Training any time anywhere

Contrast these two experiences — same situation, five years apart. It’s 1996 and a new salesperson is sent to a remote location for instructor-led training. The company pays travel and other expenses. During that time the salesperson: spends a week becoming familiar with the company’s products and sales techniques; develops a rapport with the instructor; meets new recruits from other divisions; and completes the compulsory evaluations that will be forwarded to management.

The next formal training will occur in a year. In the meantime, other training requirements are not being addressed because the new salesperson cannot spare time away from work. New product launches are often delayed and grouped so that training can have the maximum number of participants.

Flash forward to the year 2001 — same salesperson, new job. Sales training is delivered using a variety of media, blending self-paced e-learning with instructor-led virtual classes, online discussions and scheduled chats. Since location doesn’t matter because most of the training can be done over the Internet, the company saves travel and other expenses. Evaluation results are automatically recorded and reported in the learning management system integral to the e-learning system.

During this time, the salesperson makes friends with other new recruits via virtual classrooms, archived chats and discussions. Ongoing relationships are established with others doing the same job, and learners can continually exchange and pool knowledge and resources in an e-learning community, using chat rooms and discussion boards. A mentor is assigned for the “human” touch. Whenever a question arises — even from the road — the salesperson can return to the online community for assistance. Product knowledge is timely and up-to-date because the company simply directs the employee to the e-learning system for updates and training.

E-learning was originally embraced as an effective method for IT training. Now as more people become familiar and comfortable with the Internet, its usage has been expanded to include soft skills or business skills training. In fact, many managers have discovered that providing training over the Internet is the best solution for highly specialized business professionals with precious little time available for ongoing education.

When considering any training initiative, the first step a company should take is to conduct a needs assessment to establish whether or not training is needed at all. A company should first determine its business goals and then identify the learning and performance targets that can help to achieve those goals. This will support a tailored learning solution that meets the unique needs of each organization and its learners.

Once the needs assessment is in place, a company can then generate a learning strategy tailored to specific needs. To be effective, a company’s training should be targeted, appropriate, integrated and engaging. All of these qualities are inherent in e-learning. In fact, whenever there is a training need there is an appropriate role for e-learning.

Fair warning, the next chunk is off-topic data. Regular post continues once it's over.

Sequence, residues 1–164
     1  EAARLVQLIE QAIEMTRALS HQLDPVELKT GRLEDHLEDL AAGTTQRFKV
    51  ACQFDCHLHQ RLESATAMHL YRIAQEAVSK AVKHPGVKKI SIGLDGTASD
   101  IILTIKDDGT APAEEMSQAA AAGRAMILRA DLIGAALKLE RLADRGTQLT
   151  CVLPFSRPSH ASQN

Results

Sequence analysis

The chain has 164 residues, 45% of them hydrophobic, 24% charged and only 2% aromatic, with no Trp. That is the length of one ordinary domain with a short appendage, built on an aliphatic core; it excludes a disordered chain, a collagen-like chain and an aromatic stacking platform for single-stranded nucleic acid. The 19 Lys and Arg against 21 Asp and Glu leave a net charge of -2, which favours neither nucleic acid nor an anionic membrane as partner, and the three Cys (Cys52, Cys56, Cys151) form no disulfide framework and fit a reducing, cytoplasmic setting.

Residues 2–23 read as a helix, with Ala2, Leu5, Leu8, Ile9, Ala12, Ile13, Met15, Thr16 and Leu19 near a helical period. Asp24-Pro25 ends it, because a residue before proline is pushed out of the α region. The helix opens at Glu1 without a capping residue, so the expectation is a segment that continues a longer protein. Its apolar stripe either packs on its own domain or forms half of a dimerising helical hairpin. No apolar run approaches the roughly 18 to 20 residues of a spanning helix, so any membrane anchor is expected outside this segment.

Blending solutions
The most effective training will meet the needs of both the learners and the company. Perhaps some elements of your existing training are very effective and can coexist and complement your e-learning solutions. Indeed, a blended solution comprised of e-learning components and instructor-led training is becoming increasingly popular among businesses. To optimize intellectual capital, we often recommend a holistic training solution that offers a blend of instructional styles.

Companies that utilize e-learning for soft skills training most effectively are those that recognize the value of the hybridization that is occurring as e-learning and instructor-led training settle into a dynamic pattern of instructional cohabitation. This blend can reduce the time and travel costs associated with traditional classroom training, while enhancing training with the strengths of e-learning.

Choosing a vendor
A key issue in effective e-learning is selecting the “right” service partner. Here are some key things to keep in mind when looking for a provider. The service provider that enables your company to answer “yes” to the following questions is the one that can best support your e-learning efforts.

Ask these questions
•Does the service provider have both depth and breadth of proven world-class content from leading experts?

•Is the provider able to customize company-specific materials to appeal to various learning styles?

•Does the service provider have technical support to advise on technology-related issues and to ensure existing IT infrastructure meets the hardware, software and connectivity requirements of the e-learning system?

•Is the proposed training engaging, integrated, appropriate and targeted?

•Does it include case studies, workplace exercises, multiple online resources and performance support tools?

•Does the training include a focused learning approach that “coaches” the learner to completion?

•Will it offer a collaborative environment and will learners have access to knowledge pools?

•Will it enhance performance both for the employee and the company?

•Will it help meet desired performance levels?

Ted Purcell is executive vice-president of U.S.-based He can be reached at [email protected] or visit

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